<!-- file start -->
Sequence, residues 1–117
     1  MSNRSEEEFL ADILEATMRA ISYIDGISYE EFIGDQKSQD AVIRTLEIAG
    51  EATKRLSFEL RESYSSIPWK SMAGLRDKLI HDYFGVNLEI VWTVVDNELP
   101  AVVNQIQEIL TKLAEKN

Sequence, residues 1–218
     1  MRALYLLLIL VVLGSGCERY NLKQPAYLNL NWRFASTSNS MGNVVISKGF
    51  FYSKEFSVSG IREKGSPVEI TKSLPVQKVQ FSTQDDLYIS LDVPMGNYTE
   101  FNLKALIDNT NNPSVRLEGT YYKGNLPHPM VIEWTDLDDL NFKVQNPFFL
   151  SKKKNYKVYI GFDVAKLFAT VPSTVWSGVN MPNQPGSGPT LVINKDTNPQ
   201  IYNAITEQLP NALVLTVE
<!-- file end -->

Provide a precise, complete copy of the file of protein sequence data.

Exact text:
Sequence, residues 1–117
     1  MSNRSEEEFL ADILEATMRA ISYIDGISYE EFIGDQKSQD AVIRTLEIAG
    51  EATKRLSFEL RESYSSIPWK SMAGLRDKLI HDYFGVNLEI VWTVVDNELP
   101  AVVNQIQEIL TKLAEKN

Sequence, residues 1–218
     1  MRALYLLLIL VVLGSGCERY NLKQPAYLNL NWRFASTSNS MGNVVISKGF
    51  FYSKEFSVSG IREKGSPVEI TKSLPVQKVQ FSTQDDLYIS LDVPMGNYTE
   101  FNLKALIDNT NNPSVRLEGT YYKGNLPHPM VIEWTDLDDL NFKVQNPFFL
   151  SKKKNYKVYI GFDVAKLFAT VPSTVWSGVN MPNQPGSGPT LVINKDTNPQ
   201  IYNAITEQLP NALVLTVE